A country or area under the full or partial political control of another country and occupied by settlers from that country.
We can smell the honey on the comb as we leave the cool shade of the forest and walk into the sunny bee yard, the whine-buzz of bees so loud in our ears it drowns out the metallic whir of cicadas. Darla Trumble starts pulling apart a hive, frame by frame, to take the honeycomb back to her house. Robber bees from another hive join the heist. The workers seem too busy to notice, too intent on bringing home the fat orange globs of goldenrod pollen.
The summer has been cold and wet, but oh this golden September day is sweet and hot. It catches us by surprise, this warmth, after digging out hats and mitts from the boxes in the basement. Darla calls it an Indian summer day. But then she calls herself an Indian too.
Darla is a member of the Chippewas of Georgina Island, on Lake Simcoe, Ont. I am a white woman, a cottager from the mainland, uncomfortable using such language, words I grew up with and repeated thoughtlessly for years. Because who doesn’t love an Indian summer, I might have said once. Such transgressions are especially insidious when they go unrecognized by the transgressor. I am struck by how language, a bridge between people, can also drive a wedge between them.
Yet there are plenty of commonalities in our upbringing. Darla and I both grew up on the sandy, willow-wept shores of Lake Simcoe. Learned to swim on its shallow sandbars. Our cousins taught us both to fish in this lake. Our fathers to find our way through the thick bush. My mother bakes the best bread, of course: farmhouse style. Darla’s mother fries bannock so good her son-in-law wrote a song about it.
But I spend only my summers here. When I go home to my house in the city, the sun will be setting sooner behind the treed silhouette of Sibbald Point. The north wind will be whistling insistently through the shivering poplars and maples as the cold nights yellow and redden their papery leaves. The Trumbles will stay put. Darla and her husband, Andrew Gibson, will stock the pantry for the weeks when they will be island-bound, when the ferry stops running, but before the ice road is safe to cross.
Then Georgina Island’s beekeepers will wrap the hives for winter and thank their bees for this year’s contribution to the pantry. Darla will smudge hers, burning sage, cedar, tobacco, and sweetgrass, and hoping and praying that they make it to spring. Paul Kelly, her beekeeping mentor, will pat the tops of each of his hives, peering into the toonie-sized cutout in the winter wrap the way a parent might look in on a sleeping child.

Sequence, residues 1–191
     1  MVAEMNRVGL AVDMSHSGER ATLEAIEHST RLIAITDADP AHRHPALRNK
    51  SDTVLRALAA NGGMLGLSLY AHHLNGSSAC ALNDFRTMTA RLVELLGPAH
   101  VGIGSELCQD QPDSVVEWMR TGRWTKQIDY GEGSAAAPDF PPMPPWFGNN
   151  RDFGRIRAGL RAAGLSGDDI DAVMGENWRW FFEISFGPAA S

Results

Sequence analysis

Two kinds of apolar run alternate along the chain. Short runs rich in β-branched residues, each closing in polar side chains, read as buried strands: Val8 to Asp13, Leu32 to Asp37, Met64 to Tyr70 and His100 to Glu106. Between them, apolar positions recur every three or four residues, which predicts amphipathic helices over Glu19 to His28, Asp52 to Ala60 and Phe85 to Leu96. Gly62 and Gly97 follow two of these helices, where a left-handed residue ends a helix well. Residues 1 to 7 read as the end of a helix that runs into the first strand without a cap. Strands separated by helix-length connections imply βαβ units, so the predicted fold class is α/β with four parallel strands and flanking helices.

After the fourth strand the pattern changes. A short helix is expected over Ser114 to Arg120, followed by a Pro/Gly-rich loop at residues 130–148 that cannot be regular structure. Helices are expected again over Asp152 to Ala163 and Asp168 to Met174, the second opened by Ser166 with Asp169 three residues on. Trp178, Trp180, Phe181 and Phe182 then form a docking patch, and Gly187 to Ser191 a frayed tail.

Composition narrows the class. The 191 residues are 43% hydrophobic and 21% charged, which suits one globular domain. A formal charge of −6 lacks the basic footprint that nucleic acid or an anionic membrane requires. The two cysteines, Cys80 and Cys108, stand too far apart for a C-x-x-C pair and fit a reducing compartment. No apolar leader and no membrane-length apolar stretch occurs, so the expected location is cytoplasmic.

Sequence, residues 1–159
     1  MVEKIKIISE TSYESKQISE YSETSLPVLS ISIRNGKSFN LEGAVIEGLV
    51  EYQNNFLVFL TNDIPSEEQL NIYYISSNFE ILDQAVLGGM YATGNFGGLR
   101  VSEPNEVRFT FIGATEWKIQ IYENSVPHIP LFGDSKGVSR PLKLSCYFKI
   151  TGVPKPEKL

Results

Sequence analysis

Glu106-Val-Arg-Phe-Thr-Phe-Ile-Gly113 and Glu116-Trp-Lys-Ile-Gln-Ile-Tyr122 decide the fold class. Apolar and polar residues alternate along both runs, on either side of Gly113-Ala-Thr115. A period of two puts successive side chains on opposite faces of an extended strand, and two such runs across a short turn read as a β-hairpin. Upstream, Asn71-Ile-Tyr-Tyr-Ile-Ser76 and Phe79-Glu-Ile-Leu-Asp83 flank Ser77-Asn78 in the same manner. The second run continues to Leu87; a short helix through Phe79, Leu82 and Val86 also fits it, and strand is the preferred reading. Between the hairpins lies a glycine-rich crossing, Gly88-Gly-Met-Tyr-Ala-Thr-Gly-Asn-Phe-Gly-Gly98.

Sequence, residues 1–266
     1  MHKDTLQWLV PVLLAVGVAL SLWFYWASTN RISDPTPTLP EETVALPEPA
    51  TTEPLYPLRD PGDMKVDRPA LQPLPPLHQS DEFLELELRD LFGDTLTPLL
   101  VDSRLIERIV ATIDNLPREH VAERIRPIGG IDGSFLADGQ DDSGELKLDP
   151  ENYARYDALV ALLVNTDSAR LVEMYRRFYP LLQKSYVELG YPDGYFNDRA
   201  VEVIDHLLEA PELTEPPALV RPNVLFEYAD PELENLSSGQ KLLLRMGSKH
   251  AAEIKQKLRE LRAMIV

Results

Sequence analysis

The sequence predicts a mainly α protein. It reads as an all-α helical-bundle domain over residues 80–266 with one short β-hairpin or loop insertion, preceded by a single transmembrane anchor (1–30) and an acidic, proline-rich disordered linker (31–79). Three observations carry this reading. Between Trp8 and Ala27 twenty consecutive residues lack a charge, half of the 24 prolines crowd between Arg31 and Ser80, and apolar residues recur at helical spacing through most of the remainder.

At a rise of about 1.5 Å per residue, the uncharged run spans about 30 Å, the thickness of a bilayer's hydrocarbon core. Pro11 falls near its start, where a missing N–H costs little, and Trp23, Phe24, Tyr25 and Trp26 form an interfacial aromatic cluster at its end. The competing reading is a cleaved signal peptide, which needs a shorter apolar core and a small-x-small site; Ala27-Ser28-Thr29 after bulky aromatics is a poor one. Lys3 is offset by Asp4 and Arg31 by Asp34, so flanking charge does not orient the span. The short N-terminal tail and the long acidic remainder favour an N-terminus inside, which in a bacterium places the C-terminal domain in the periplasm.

Another thing Darla and I share: a deep respect for the water and ice that lies between us. We know to test the ice carefully before venturing across. I’d heard stories about people drowning in this lake, stories about people that other people knew, but they were always too far removed from my own experience to seem real. More real: the sting of my mother’s slap on my wet back when my cousin and my 12-year-old self paddled back from the island in a storm, chased by thunderclouds.
Darla laughed when I told her this: “Of course she was mad!” Darla lost a grandfather to the lake.
A group of people of one nationality or race who are living in a foreign place.
In 1990, when Darla was an eight-year-old student at the three-room island school where she now takes great pride in polishing the floors as its caretaker, the University of Guelph began searching for an isolated spot to raise honeybees for research. Long before a Guelph graduate coined the term “colony collapse disorder” in 2006, beekeepers and researchers were looking for ways to breed bees that could be more resistant to disease and pests such as Varroa destructor, a tiny arachnid that attaches itself to a bee and feeds on its protein reserves and blood, leaving its host weak and prone to disease. Varroa mite, as it’s also called, is thought to be one of the most serious problems facing honeybees worldwide. At Guelph, researchers study honeybees—their behaviour, their genetics, their immune responses—to better understand how to breed and manage resistance to mites. They’ve found that a bee that grooms itself more often is less likely to become a host. They’ve introduced selection pressures to breed tidier bees. They’ve developed a thyme oil formula toxic to the mites, but safe for bees and humans. They’ve published hundreds of papers and inspired many more.
None of this research would be possible without Paul Kelly, who breeds the bees that the Guelph scientists study—kinder, gentler bees that are calmer and less likely to sting their keeper. To control the genetics of a bee race, you need to be able to control the local drone (or male stud) population, explains Paul, as we drive out to a bee yard, an isolated spot at the north end of Georgina. This is especially important because “gentleness” is a trait passed down by drones, and not by the queens they mate with.